Louis, Louis

Everybody’s heard of Crab Louis, but did you know that it’s supposed inventor was a successful restaurateur and later hotel owner in Spokane?

Yes, I’m talking about Louis Davenport.

Llewellyn “Louis” Davenport came to Spokane Falls in early 1889 at the age of 20 to work in his uncle’s restaurant. Just a few months later on August 4th, a fire wiped out 32 square blocks of the city, burning the restaurant with it. While locals called it “the most devastating fire that has occurred in the history of the world,” Davenport did not stay discouraged long. The following morning, he salvaged what he could from his uncle’s restaurant and opened “Davenport’s Waffle Foundry” in a tent-like structure amidst the rubble.

A year later, Davenport moved his restaurant to a brick building in the Wilson Block and renamed it “Davenport’s Restaurant.” The restaurant and it’s offerings continued to expand over the next several years. In 1903-1904, Davenport purchased the adjacent Bellevue Block, expanded “Davenport’s”, created a lavish ballroom, and turned the upstairs of the building into “The Pennington Hotel.” His menu offered over 100 items.

Davenport hired architect Kirtland Cutter to make his two buildings match. Cutter suggested a Mission-Revival style, which was vastly different from the other buildings in town.

Sources disagree on what exactly happened next, but in 1908 it was announced that a grand hotel would soon be built in Spokane Falls, and by 1912 the Davenport Hotel Company was formed. Cutter and his partner Karl Malmgren were selected to design the new building, and a grand, ornate structure was designed. Davenport didn’t want to spend unnecessary money on fancy ornamentation, and a simpler design was made. It cost about $2 million.

In 1912, buildings currently on the hotel site were demolished, and construction began the following year. Not a single worker was killed or seriously injured. Cutter and Davenport traveled the world, selecting only the finest furniture, rugs, and other decor.

When the Davenport Hotel opened September 1, 1914, it’s dining room featured fine art, Irish linens from Liddell, and a 15,000-piece set of Reed & Barton silverware, the largest private order created by the company.

The Davenport was considered one of America’s finest hotels. Looking through this brochure, it’s easy to see why.

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Engraved Handle

I’m not sure about the age of this spoon, or if it came from Louis Davenport’s restaurant or hotel, but it’s a silver-plated tea spoon from Reed & Barton in the double-stamped Belmont design.

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The design runs down the entire handle

Belmont was designed in 1906 by August Miller and was a popular choice for hotel silver. This particular piece has “Davenport’s” engraved in cursive on the handle. The back reads “Patent Approved for Reed & Barton B.P”. The Belmont design was still offered in 1908 where it appeared in the Reed & Barton catalogue. The price for a dozen spoons was either  $4.75 or $6.50 (about $110 or $150 today).

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Markings on back

I don’t know when the pattern was discontinued, but it’s possible that this piece was part of the 15,000 piece set first used in the hotel. At least, it’s fun to think so!

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Front of Spoon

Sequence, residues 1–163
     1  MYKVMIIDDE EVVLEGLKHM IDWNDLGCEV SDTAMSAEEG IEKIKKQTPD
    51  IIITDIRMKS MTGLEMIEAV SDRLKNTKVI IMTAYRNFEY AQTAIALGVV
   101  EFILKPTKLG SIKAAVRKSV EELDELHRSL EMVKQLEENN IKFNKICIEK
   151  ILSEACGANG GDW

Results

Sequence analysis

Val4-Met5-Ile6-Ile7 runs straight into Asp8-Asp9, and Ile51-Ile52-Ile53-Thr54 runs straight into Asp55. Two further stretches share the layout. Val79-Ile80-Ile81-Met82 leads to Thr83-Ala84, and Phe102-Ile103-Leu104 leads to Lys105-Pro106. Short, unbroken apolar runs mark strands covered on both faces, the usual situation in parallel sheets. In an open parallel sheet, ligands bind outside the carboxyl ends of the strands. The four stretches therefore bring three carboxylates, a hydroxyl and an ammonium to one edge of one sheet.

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Back of Spoon

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Hydros Unlimited

Everybody who lives in the Seattle Area knows about the Unlimited Hydroplane races. They’ve been a staple at Seafair since its inception in 1950. What many don’t know is that the same hydroplanes made famous at Seafair also raced on Lake Chelan.

Don’t believe me?

Feast your eyes on this 1958 Apple Cup Race pin, starring Miss Chelan!

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Almost like the Ford Edsel, the Apple Cup Race lasted for only four years: 1957-1960. Stemming from the hydroplane craze brought to the region by Seafair, and happening in conjunction with the Apple Blossom Festival, the first Apple Cup Race was held May 5, 1957. The hydroplanes competing in the first race, in the winning order, were:

U-12 Maverick

U-77 Miss Wahoo

U-28 Shanty I

U-8 Hawaii Kai III

U-27 Miss Seattle

U-4 Miss Bardahl

U-60 Miss Thriftway

U- 19 Miss Rocket

U-62 Thriftway Too

The second Apple cup was held May 11, 1958, and featured 11 hydroplanes, two more than the previous year. Only five hydroplanes were repeats: Miss Seattle, Miss Thriftway, Thriftway Too, Maverick, and Miss Bardahl (who took first place). The prize was $1,500, which is equivalent to about $12,500 today.

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12 hydroplanes competed at the third Apple Cup Race on May 10, 1959, many of them the same hydros that raced the previous year. Miss Pay n’ Save, who had placed #10 in 1958, took first place, followed by Miss Bardahl and Miss Thriftway.

The final Apple Cup was held May 8,1960 and hosted 11 competitors. Miss Thriftway was the race’s winner, followed by Nitrogen and Miss Burien. Rising sponsor’s costs and crowd control problems contributed to the race’s cancellation.

Although the Apple Cup is now just a name of a Chelan cafe, vintage hydroplanes have returned to Chelan the first weekend in October for the last seven years for the Mahogany & Merlot event.

Interestingly, the hydroplane featured on the pin, U-97 Miss Chelan, is fictitious. She never raced in the Apple Cup and, in fact, never even existed.

The Apple Cup Race was important enough to be broadcasted on Seattle television! Clips from the 1957 and 1958 races can be viewed on YouTube. For detailed race summaries, visit this link.